Captain Colin Mackenzie, Madras Army, 1842 (c)

James Sant

 
Captain Colin Mackenzie, Madras Army, 1842 (c)
4 0 c m
 
28cm
actual image size: 20cm x 32cm

Captain Colin Mackenzie, Madras Army, 1842 (c).

Oil on canvas by James Sant, 1842 (c)

As Assistant Political Agent at Peshawar, Lieutenant Mackenzie was sent to Kabul in 1840, during the 1st Afghan War (1838-1842). He led the defence of Kabul fort against the Afghans and the subsequent night fight to escape from it, leading Sale's retreating force to Gandamak. He returned to Kabul and was present at the conference between the Afghan Chief, Akbar Khan, and the British envoy, Sir William Macnaghten, where the latter was murdered. Mackenzie survived the ill-fated retreat to Jalalabad, only to be chosen as a hostage by Akbar Khan. He was freed by a force commanded by Sir George Pollock before Akbar Khan could sell him into slavery. Deeply religious, he was respected by the Afghans, who called him 'the English Mullah'. Like many of his British contemporaries in India, Mackenzie seems to have chosen to wear loose oriental clothes for comfort, when off-duty.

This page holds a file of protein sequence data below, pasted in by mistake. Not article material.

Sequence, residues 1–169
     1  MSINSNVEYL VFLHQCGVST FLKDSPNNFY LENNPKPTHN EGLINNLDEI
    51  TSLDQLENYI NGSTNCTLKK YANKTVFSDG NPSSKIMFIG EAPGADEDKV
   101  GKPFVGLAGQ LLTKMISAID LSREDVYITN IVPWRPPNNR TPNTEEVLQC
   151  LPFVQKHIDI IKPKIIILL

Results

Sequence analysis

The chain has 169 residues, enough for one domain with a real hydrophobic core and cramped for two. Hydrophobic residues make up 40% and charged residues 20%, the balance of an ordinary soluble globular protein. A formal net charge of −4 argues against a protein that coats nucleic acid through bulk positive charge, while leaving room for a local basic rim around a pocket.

Image Details

Negative No.
 
745
Accession No.
 
NAM. 1961-10-61-1

© National Army Museum Copyright

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